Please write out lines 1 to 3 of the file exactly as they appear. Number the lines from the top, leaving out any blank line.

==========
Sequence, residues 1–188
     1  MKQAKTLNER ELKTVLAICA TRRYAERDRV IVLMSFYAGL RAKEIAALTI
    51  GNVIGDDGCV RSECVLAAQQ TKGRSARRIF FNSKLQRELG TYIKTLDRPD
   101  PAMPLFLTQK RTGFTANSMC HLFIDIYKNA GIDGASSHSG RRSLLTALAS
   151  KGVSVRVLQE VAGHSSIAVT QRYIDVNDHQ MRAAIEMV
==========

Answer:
Sequence, residues 1–188
     1  MKQAKTLNER ELKTVLAICA TRRYAERDRV IVLMSFYAGL RAKEIAALTI
    51  GNVIGDDGCV RSECVLAAQQ TKGRSARRIF FNSKLQRELG TYIKTLDRPD